A new study proposes that a gluten-free diet could be unhealthy for people who don't have coeliac disease, exposing them to harmful by-products like mercury and arsenic.
Coeliac (pronounces seel-ee-ak) disease affects 1 in 70 people in Australia. If you have the disease, your immune system has an abnormal reaction to gluten in food. This causes intestinal damage. And the only way to treat coeliac disease is to avoid gluten altogether.
Thankfully, there are many more gluten-free products stocked on supermarket shelves than ever before. But that means many people who don't have coeliac disease are avoiding gluten because they believe it's healthier.
This new study from the University of Illinois at Chicago (UIC), published in Epidemiology journal, found that a gluten-free diet could increase the risk of exposure to arsenic and mercury.
Because people who ditch gluten often replace it with substitutes like rice flour. The research team found that rice can accumulate harmful toxic metals from the environment. And being exposed to these are linked with a greater risk of cardiovascular disease.
"Despite such a dramatic shift in diet, little is known about how gluten-free diets might affect exposure to toxic metals found in certain foods," the study authors said.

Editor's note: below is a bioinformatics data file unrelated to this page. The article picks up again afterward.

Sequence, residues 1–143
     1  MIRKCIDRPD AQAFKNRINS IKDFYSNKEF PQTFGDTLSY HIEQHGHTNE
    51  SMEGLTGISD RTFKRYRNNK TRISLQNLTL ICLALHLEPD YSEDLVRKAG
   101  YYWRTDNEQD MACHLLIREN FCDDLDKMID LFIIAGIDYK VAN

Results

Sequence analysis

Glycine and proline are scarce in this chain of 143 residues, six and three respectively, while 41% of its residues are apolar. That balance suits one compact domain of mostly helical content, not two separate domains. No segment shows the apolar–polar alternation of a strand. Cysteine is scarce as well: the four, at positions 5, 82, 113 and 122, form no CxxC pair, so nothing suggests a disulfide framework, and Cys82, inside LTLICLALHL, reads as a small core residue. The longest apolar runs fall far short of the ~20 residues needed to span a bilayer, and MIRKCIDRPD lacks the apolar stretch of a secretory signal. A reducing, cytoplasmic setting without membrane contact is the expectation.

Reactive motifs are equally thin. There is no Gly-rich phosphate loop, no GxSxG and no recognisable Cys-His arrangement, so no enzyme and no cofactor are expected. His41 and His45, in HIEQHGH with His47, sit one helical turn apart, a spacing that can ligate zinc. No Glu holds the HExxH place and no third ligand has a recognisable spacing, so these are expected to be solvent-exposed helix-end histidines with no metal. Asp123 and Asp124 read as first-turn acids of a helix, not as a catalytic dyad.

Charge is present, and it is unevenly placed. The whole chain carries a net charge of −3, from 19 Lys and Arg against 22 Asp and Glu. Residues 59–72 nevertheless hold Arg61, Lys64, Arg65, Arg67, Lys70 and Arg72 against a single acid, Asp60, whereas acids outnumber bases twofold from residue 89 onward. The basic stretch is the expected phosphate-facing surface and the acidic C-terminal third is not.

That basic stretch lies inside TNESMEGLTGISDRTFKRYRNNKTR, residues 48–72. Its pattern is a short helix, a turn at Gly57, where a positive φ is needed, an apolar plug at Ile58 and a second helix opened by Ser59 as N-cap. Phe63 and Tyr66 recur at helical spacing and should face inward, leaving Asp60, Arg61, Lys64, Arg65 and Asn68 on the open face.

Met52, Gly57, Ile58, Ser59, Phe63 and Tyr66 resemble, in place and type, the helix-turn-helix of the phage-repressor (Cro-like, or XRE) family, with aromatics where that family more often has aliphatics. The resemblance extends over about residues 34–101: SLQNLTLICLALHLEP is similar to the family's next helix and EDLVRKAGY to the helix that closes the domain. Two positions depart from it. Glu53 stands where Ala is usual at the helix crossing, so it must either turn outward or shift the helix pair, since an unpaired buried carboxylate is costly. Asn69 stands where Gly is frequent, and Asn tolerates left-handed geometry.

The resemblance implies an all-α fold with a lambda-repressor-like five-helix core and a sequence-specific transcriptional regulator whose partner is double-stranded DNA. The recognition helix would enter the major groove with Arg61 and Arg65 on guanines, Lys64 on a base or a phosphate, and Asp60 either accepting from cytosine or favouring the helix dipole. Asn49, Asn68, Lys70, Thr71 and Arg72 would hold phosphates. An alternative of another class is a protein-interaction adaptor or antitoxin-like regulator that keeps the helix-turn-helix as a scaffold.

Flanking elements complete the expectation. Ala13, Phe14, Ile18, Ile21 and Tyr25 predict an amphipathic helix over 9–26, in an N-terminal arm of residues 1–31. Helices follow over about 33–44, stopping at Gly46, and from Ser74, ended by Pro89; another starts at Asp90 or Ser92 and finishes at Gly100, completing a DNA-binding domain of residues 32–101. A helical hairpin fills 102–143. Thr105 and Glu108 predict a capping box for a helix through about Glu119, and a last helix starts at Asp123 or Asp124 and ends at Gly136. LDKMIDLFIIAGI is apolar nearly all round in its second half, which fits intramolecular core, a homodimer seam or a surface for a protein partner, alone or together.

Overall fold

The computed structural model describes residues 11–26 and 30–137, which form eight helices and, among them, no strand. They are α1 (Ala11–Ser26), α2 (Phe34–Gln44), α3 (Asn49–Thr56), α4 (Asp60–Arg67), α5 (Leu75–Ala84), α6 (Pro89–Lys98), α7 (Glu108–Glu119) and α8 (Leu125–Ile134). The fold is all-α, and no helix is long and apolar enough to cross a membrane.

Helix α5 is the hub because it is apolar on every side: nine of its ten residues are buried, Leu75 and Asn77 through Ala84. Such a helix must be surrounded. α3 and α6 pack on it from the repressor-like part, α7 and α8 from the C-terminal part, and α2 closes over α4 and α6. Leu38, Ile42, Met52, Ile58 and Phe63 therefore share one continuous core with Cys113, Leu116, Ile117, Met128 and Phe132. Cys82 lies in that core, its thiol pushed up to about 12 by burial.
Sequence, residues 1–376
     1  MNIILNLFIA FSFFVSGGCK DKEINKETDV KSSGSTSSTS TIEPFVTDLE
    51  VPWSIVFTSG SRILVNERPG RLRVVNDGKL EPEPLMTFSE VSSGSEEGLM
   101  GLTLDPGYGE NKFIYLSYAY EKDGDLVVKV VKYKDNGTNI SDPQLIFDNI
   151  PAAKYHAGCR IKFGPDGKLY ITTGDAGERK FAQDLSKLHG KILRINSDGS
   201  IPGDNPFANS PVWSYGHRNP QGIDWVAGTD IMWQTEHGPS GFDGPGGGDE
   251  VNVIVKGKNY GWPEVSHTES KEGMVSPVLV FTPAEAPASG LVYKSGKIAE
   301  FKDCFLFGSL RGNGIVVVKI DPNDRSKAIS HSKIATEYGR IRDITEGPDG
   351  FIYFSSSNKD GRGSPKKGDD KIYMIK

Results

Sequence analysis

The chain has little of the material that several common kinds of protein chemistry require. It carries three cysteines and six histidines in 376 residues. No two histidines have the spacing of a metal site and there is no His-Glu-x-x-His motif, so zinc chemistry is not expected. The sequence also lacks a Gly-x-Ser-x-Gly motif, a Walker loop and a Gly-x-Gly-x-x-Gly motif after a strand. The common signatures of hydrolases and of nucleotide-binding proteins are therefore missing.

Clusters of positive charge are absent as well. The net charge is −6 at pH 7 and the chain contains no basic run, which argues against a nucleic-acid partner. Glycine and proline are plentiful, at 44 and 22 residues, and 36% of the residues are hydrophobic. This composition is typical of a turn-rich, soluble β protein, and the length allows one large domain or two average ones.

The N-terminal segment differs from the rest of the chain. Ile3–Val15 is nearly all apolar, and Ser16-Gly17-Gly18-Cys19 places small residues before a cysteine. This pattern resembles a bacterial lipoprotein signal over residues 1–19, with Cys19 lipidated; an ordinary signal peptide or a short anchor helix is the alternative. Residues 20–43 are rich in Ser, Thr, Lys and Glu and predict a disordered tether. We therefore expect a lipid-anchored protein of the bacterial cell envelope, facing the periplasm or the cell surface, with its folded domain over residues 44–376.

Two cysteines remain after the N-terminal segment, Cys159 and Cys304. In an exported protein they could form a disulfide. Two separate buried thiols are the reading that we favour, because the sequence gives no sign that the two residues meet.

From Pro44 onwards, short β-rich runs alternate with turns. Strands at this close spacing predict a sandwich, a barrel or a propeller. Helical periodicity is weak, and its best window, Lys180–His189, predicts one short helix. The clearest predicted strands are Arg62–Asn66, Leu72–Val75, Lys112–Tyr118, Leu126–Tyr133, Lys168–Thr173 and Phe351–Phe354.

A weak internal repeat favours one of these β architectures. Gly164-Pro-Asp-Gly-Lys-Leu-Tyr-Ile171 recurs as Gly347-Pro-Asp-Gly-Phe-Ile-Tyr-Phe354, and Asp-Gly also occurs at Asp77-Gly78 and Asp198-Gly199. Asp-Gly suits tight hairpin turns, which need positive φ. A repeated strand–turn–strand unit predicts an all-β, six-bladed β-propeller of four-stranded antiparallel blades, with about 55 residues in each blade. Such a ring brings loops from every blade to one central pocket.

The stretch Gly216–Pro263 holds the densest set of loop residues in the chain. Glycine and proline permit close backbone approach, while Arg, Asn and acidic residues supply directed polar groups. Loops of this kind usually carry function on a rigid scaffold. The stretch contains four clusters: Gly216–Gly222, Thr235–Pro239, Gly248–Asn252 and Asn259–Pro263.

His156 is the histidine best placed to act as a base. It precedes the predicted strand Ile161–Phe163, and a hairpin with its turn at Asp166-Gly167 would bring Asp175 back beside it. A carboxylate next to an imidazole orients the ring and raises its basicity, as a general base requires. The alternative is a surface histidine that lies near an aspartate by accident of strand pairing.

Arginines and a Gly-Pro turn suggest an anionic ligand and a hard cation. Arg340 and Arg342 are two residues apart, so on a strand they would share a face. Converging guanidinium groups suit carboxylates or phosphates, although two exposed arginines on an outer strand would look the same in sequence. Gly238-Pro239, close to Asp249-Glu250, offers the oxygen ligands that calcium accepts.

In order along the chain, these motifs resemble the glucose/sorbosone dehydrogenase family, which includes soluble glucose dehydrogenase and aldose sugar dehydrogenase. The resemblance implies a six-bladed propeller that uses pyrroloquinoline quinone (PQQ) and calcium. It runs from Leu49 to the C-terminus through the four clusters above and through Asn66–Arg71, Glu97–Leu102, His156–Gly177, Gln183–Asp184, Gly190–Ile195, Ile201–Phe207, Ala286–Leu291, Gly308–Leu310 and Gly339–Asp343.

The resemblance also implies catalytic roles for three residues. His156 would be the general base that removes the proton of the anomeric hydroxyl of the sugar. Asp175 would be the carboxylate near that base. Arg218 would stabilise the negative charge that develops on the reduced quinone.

"With the increasing popularity of gluten-free diets, these findings may have important health implications since the health effects of low-level arsenic and mercury exposure from food sources are uncertain but may increase the risk for cancer and other chronic diseases," they noted.
"Although we can only speculate, rice may be contributing to the observed higher concentrations of metal biomarkers among those on a gluten-free diet as the primary substitute grain in gluten-free products."
Interestingly, the United States doesn't regulate arsenic levels in food products, although it's commonplace in Europe and Australia.
Australia's Food Standards said, "There are arsenic limits in the Code for cereals such as rice. These limits, which are set at levels consistent with protecting public health and safety and which are reasonably achievable, cover the major foods that are likely to contribute to arsenic exposure."
Long exposure to arsenic can cause lung and skin cancer, as well as other types of cancer. In Australia, there are 138,321 new cancer cases diagnosed in 2018, while 48,586 deaths were recorded. Lung cancer is one of the ten most common cancers in both men and women in Australia, with 7,212 men and 5,529 women diagnosed in 2018 alone. While skin cancer accounts for around 80% of all newly diagnosed cancers in the country.